Local history: From ancient Meath to the roots of Halloween

Other books explore Derry’s streets, Newry’s whiskey tradition and Limerick’s secrets

The province of Midhe once stretched from the Shannon to the Irish Sea and became the richest and most powerful of Ireland's five provinces. Valerie Pakenham, who lives in Tullynally Castle in Westmeath, has spent more than 50 years delving into the area's past and diving into its lakes. She has collated her knowledge in Exploring Ireland's Middle Kingdom: A Guide to the Ancient Kingdom of Meath (Somerville Press, €10). The author places buildings and antiquities in their social, geographical and historical context, and the book is filled with quirky stories. She describes Fore – founded by St Fechin in AD 630 and once an important walled Norman town – as a tiny, one-horse village. The Hill of Ward, near Athboy, was the site of a pagan festival, known as the Hill of Tlachtga after a druidess in Irish mythology was said to have given birth to triplets there. Most of the illustrations were drawn by the artist and archaeologist Hector McDonnell and sit alongside delicate watercolours from the 18th and early 19th centuries as well as photographs by Robert O'Byrne.

For a more detailed consideration of Tlachtga Samhain: The Roots of Halloween (History Press, £12.99) by Luke Eastwood contains two chapters on the sacred site. Following recent archaeological excavations, which identified several previously unrecorded monuments, there has been a revival of interest in the site, which has regained some of its prestige while still retaining an aura of mystery. The author examines the importance of Samhain, a pivotal point in the pagan year marking the entry into winter and a time of hardship and hunger. The text is accompanied with illustrations by Elena Danaan.

From ancient and mythical Meath to the peculiarities of Limerick – both city and county. Sharon Slater explores the hidden side of life in The A-Z of Curious County Limerick (History Press, £14.99). Covering everything from "Animals and their Awesome Antics" to "Zachariah's Land and Zepp's Chips", she reveals long-forgotten names not normally associated with the area, some beginning with the letter Z: Ernst Zufle, Lucia Zupaucic, Wilhelm Zutavern and Else Zimmermann, all of whom worked on or were married to those employed in the Ardnacrusha hydroelectric scheme in the late 1920s.

Moving north, Derry's Streets by John Bryson (Colmcille Press, £20), published as part of the Columban Anniversary edition (521-2021), provides a black-and-white snapshot of 19th- and 20th-century life in the city's lanes, terraces and back streets. The book is the result of a long study that saw the late historian spending years sifting through archives in London, Dublin, Belfast and Derry. Maps show the pre-plantation location of the Gaelic land system before the arrival of the London Livery Companies with measurements of "Lots of Feet, Perches and City Acres or Dozens". Reminders of the industrial past through its built heritage include Nimmons Shirt Factory, Pennyburn Mill and the City Factory, while evocative names such as Jampot Row, Dark Lane and Fishboat Quay leap off the pages. In a photogenic city famed for its historic walls, the power of the images lies in the ordinary: a householder sweeping a steep street, neighbours with prams discussing the "bars" (a Derry term for news) or children skipping in the powerful chiaroscuro light.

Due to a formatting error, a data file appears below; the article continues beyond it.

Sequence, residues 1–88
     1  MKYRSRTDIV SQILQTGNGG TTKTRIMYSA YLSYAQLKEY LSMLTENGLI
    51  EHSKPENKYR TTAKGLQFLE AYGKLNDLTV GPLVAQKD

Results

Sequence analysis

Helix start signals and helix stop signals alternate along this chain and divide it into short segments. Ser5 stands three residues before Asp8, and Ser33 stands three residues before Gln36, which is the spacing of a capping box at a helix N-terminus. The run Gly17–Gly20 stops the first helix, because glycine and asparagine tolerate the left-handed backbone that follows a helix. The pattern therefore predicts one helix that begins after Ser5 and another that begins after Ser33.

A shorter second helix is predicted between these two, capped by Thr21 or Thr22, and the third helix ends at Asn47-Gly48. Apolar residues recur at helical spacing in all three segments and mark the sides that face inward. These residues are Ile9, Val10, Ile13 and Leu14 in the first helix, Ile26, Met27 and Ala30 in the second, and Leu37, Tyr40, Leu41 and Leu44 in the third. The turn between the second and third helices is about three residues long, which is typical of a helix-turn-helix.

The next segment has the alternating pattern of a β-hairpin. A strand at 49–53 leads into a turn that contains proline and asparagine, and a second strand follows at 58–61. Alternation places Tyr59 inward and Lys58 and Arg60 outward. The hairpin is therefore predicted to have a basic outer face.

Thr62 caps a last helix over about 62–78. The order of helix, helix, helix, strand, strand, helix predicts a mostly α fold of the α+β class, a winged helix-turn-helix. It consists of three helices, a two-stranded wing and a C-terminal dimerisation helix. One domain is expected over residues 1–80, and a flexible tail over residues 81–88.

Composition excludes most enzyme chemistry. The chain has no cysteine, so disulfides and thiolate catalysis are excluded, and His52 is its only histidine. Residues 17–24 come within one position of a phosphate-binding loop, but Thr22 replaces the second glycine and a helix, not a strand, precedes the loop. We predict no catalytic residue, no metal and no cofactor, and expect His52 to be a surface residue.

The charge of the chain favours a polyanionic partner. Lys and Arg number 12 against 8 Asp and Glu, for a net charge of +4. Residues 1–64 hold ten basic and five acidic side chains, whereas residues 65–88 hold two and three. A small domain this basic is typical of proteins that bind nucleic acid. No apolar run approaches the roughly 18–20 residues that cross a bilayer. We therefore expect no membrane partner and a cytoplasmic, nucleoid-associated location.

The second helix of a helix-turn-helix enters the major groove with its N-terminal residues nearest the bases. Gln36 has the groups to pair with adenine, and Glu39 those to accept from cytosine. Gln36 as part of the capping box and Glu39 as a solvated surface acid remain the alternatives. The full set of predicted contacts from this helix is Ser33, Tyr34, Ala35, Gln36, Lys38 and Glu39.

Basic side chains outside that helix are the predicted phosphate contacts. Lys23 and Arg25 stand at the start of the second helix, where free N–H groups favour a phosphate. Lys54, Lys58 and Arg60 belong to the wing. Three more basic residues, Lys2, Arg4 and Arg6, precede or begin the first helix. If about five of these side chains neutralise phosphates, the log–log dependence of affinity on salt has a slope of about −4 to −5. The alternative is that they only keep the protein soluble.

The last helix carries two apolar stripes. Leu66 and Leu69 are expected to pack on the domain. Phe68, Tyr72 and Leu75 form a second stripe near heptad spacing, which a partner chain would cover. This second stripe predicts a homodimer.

In Matt D'Arcy & Old Newry Whiskies (Old Newry Publications, £12), Michael McKeown surveys the ancient inheritance of the area's distilling spirit. Its long pedigree was practised by monks in Newry in the Middle Ages and continued in the Cistercian monastery founded in 1144. Some 400 years later the rent roll of Nicholas Bagenal shows that the most extensive and valuable property in the town was the Queen's Backhouse & Brewhouse, which meant that Newry could claim the accolade of the oldest recorded licensed whiskey manufactory in the world. Matthew D'Arcy of the eponymous title was born in 1791 in Carlingford, then a cosmopolitan town where ships arrived from France and Spain with wines and brandy to store in quayside warehouses. When he reached his twenties, D'Arcy had built up expertise in distilling and, in partnership with two others, had acquired the skills of an esteemed businessman noted for his philanthropy. His story parallels the development of the industry recounted in 16 fascinating chapters.

Another part of Down's past is brought to life in Banbridge: The Star of County Down (History Press, £14.99) by Doreen McBride. A blend of heritage, folklore and customs, the historical detail is interwoven with oral testimonies from those who recall the war years of the 1940s. One chapter deals with country cures, superstitions and old sayings, the product of a survey of grandparents, great-aunts and uncles by staff and pupils of Edenderry Primary School. Ailments from arthritis to the whooping cough are outlined, along with numerous suggestions such as one for curing hiccups: hold a penny between two toes and transfer it to two other toes on the other foot without letting it touch the ground. Illustrious names linked to the town include Patrick Brontë, the father of the Brontë sisters, the weaving poet Joseph Carson, who wrote in the Ulster-Scots dialect, sculptor FE McWilliam, and William Kennedy, a blind piper and maker of uilleann pipes. But many may not be aware that the Harry Potter actor Daniel Radcliffe's grandfather ran a bakery on Dromore Street that specialised in wedding cakes.